2021 Lincoln Nautilus
The Nautilus was seemingly lost between the compact Corsair and the larger Aviator. For the 2021 model, Lincoln decided to give it a refresh and make it relevant again. It continues to be powered by the same engine and more or less looks the same from the outside – save for the three new exterior shades.
However, the biggest change comes inside the cabin, where Lincoln has put a lot of effort. It looks vastly different and is heavy on technology. The highlight is the new 13.2-inch touchscreen that runs on the SYNC 4 infotainment system. Will this help get some extra volume for Lincoln?
2020 Lincoln Aviator - Driven
The Aviator name was revived back in 2019 as a replacement for the Lincoln MKT. Ever since, we’ve been dying to get our hands on one to see just how well it actually represents Lincoln as a brand and if it can actually handle the stiff competition in the premium SUV segment. Well, our requests were finally answered and a Lincoln Aviator showed up at TopSpeed HQ with full tank of gas and the paperwork that said we could drive it for a week. And, drive it we did.
Any negative preconceptions we had about the Lincoln brand or the Aviator in general were axed the second we stepped inside. The cabin, for the most part, feels highly premium and the layout was very spacious. We didn’t have the hybrid model, so all our power came from the 3.0-liter V-6 that was good for 400 horsepower and 415 pound-feet of torque, two figures that proved themselves to be more than enough for a vehicle this caliber.
We were equally impressed with the amount of available cargo room (up to 77.t cubic-feet with all the seats folder flat, and the technology inside felt really upscale compared to what we expected based on previous experience with Lincoln models. Our model started out at $51,100, but our tester was fitted with a couple of options that made it a little more expensive. We’re busy putting together an in-depth buyer’s guide for this very vehicle, so until then check out the full, high-resolution photo gallery that we’ve added to the slider above or the body of the page below.
2020 Lincoln Continental Coach Door Edition
Turns out, Lexus isn’t the only one that’s into revising recently released special edition models. Lincoln’s adopting a similar strategy with the return of the Continental Coach Door Edition, a blast-from-the-past special edition Continental that the luxury brand first launched last year in very limited — only 80 units were made — quantities.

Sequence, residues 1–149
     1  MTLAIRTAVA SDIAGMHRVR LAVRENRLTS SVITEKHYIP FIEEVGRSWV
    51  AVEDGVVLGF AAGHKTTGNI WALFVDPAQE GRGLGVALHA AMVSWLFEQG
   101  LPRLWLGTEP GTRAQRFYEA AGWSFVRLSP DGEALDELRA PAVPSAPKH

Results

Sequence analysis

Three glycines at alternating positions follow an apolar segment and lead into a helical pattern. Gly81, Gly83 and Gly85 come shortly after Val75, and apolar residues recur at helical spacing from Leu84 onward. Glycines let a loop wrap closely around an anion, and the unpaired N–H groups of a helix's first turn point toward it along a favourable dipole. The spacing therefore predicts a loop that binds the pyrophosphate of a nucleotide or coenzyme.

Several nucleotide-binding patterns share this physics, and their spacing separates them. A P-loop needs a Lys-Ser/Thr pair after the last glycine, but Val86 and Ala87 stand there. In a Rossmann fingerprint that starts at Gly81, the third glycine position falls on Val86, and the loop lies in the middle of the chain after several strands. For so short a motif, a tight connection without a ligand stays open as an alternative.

This time, Lincoln is doubling up with 150 units of the 2020 Continental Coach Door Edition. The essential elements that defined last year’s Coach Door Edition will also be offered in this fresh batch of SEs. That includes the model’s undisputed highlight: the suicide doors.
The Ford-owned luxury brand is already accepting orders for the 2020 Continental Coach Door Edition. Best be quick about it because, judging by how fast the first batch of Coach Door Edition models sold out, this new batch of 150 units will sell out just as quick, maybe even quicker.
2019 Lincoln MKC - Driven
Lincoln has updated the MKC crossover for the 2019 model year, and with this refresh, the manufacturer aims to make its smallest SUV more attractive among the many talented rivals in its segment. The pre-facelift MKC was already pretty good, although not perfect, but now Lincoln says there is even more to like about it.
We tried the top of the range, The 2019 Lincoln MKC “Black Label”, with the more powerful of the two available engines, the 2.3-liter EcoBoost four-cylinder turbo. In this spec, the MKC doesn’t leave you wanting for power, presence, or luxury, but at the same time it’s not perfect and we understand why these aren’t flying out of showrooms.
It is by no means a bad way to spend around $50,000 on a posh compact SUV that also happens to be made by an American brand. In the configuration we tested it in, it’s actually quite pleasant to live with - it’s even fun on occasion, especially with the 2.3-liter engine that comes as standard with grippy all-wheel drive.
2019 Lincoln Nautilus
Introduced in 2006 as a replacement for the Aviator, the Lincoln MKX soldiered on for almost a decade until it was redesigned in 2015. After only two years on the market, the second-generation MKX received its mid-cycle facelift. Launched at the 2017 Los Angeles Auto Show, the midsize crossover was renamed the Nautilus, as part of the company’s new strategy that involves dropping alphanumeric badges. Alongside the new name, the crossover also gained an updated front fascia, now inline with most Lincoln vehicles, new technology, and a new engine under the hood.
Lincoln’s decision to rename the MKX isn’t surprising. The midsize is the firm’s best-selling SUV and a vehicle that attracts most new customers from other brands, with nearly 40 percent reportedly crossing over from Cadillac and Lexus. The Nautilus is supposed to build on the momentum of the MKX, which is on track to deliver its best sales year since 2007. But does it have what it takes to give the Cadillac XT5 a run for its money? Find out in the review below.
Continue reading to learn more about the Lincoln Nautilus.